Staffing Done Right
Written by Bryce Griffler
If you want something done right, do it yourself, right? Too bad the world of yearbooks doesn’t work that way. However, an effective use of your editorial staff can help you to be well on your way to a great publication – done right.
Your assistant editors-in-chief are competent-use them! Create a checklist for the assistant editors-in-chief to check spreads for consistency and design flaws, after staff writers have completed their work. Also, have them apply the changes to the spread’s digital files.
Sick of dealing with the same petty problem? Teach your assistant editors-in-chief, as well as other editorial staff members, how to fix problems such as printer errors. This way, your staff writers can go to them for help instead of always to you.
Contrary to popular belief, senior ads are very complicated. Designate two staff writers to be responsible for all aspects of senior ads, including: hosting parent workshops, announcing a deadline for submission, noting the number of pages needed, scanning and returning all photos, and revenues.
Don’t make the captain of the football team angry. Get your scores right. Make it the responsibility of your sports editor(s) to check and double-check all scores, team rankings and rosters.
Want a full-scale index for once? Assign two staff members as index editors. These individuals should be entirely self-sufficient and should have no other responsibilities to worry about.
Sometimes, a picture’s worth a thousand curse words. So, no matter how you obtain your photos (staff photographers, professionals or staff writers), choose a staff member or two to load, scan, organize and adjust all photos. No editor wants to deal with lopsided or low-resolution photos right at deadline time.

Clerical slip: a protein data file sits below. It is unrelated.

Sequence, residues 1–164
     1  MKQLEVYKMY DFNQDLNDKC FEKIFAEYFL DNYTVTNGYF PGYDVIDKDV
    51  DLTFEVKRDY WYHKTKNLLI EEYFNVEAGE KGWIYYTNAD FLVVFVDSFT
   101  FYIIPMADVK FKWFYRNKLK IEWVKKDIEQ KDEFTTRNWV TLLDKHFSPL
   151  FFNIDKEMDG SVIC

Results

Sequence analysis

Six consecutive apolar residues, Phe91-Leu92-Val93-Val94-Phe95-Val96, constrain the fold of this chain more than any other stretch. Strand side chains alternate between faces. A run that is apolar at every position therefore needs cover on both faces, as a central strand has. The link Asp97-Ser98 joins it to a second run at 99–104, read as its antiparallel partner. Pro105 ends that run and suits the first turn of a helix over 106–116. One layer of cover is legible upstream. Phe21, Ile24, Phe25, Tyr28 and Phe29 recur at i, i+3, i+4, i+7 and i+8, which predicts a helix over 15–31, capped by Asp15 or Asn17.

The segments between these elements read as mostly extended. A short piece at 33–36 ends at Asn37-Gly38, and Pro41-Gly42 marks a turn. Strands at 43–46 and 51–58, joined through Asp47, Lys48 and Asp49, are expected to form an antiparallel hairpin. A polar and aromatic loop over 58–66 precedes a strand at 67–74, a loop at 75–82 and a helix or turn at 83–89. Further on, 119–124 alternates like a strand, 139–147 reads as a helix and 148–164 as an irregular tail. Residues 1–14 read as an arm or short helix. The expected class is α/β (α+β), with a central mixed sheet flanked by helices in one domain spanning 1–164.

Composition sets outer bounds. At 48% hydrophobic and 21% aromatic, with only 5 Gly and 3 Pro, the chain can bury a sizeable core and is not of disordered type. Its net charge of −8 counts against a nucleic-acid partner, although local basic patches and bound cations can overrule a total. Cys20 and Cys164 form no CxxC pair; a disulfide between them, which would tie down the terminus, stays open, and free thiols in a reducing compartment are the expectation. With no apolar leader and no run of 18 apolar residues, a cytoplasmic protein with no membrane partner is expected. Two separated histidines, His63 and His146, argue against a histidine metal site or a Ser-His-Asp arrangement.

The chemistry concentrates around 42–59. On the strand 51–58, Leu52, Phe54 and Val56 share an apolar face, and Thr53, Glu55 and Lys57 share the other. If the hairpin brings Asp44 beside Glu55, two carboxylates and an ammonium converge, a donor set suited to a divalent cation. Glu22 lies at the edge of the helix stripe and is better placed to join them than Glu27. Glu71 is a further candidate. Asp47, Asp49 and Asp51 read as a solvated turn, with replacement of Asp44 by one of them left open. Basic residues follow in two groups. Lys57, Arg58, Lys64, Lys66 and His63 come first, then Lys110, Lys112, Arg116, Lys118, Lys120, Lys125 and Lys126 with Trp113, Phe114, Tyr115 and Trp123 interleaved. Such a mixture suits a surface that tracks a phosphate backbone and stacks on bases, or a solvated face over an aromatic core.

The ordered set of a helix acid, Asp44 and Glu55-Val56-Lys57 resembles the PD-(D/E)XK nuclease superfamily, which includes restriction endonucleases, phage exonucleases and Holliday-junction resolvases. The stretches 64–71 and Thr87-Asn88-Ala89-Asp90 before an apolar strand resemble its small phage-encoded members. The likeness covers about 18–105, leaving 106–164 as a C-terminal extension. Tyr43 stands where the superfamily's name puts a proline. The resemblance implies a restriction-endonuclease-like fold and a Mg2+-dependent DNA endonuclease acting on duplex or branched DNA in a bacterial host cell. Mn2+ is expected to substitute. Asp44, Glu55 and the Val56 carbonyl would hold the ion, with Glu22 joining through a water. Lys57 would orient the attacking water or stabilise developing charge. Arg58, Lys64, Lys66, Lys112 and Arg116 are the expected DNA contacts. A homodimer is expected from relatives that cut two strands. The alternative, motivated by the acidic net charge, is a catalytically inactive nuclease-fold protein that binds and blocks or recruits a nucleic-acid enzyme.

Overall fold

Don’t have time to check for minor grammar mistakes? Designate a staff writer as a copy editor to review all copy. Give this person a complete student and faculty roster to check name spellings on spreads, even if staff writers have already done so.
Do not split up the revision process. When revising spreads, it works much better, especially once proofs come in, if all editors look at and revise them together – either simultaneously or one after another. Every spread should be reviewed by as many editorial staff members as possible. While it is faster to divide the proofs among the editors for review, one set of eyes may not catch all the errors.
Don’t be afraid to either create editorial positions or assign multiple people to the same editorial position. It gives your staff the opportunity to catch their own mistakes. The business manager position lends itself to more than one person, since it’s a large job, as do editor positions, such as senior ad editor, index editor, photo editor and editor-in-chief.
Editors-in-chief are responsible for so many aspects of the yearbook, which is why it is so tempting to try to do so much on your own – to get it done right. But it is not possible to do everything on your own, so have faith in your editorial staff to get things done right.